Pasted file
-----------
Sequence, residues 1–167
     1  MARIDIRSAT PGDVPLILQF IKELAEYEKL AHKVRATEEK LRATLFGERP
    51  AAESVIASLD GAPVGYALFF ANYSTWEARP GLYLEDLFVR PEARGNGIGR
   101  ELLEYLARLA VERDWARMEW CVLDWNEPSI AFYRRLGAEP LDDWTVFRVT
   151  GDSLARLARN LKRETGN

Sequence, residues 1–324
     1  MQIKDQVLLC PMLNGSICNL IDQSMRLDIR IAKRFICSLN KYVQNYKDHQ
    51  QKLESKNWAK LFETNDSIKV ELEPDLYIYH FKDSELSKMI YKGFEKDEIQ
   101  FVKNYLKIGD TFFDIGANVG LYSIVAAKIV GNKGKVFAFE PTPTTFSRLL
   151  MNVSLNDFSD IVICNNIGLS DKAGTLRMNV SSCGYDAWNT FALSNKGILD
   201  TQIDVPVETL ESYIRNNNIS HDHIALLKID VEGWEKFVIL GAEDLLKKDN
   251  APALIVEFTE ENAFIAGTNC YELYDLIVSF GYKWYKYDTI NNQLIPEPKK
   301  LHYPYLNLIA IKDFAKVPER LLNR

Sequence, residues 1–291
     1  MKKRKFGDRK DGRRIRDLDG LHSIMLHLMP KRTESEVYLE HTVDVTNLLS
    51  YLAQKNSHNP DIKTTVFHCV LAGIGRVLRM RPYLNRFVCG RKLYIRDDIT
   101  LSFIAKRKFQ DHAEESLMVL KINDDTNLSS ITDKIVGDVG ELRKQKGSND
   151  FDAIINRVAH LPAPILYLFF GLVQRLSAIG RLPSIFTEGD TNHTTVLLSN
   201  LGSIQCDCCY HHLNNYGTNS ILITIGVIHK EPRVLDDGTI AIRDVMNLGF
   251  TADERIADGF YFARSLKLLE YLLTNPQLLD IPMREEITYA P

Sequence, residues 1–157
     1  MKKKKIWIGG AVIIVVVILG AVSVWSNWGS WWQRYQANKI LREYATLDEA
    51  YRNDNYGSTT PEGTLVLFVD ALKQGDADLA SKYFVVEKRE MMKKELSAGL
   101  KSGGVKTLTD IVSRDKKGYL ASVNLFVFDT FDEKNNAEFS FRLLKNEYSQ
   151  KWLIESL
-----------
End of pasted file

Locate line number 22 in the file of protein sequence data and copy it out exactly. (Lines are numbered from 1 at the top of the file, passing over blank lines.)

     1  MKKKKIWIGG AVIIVVVILG AVSVWSNWGS WWQRYQANKI LREYATLDEA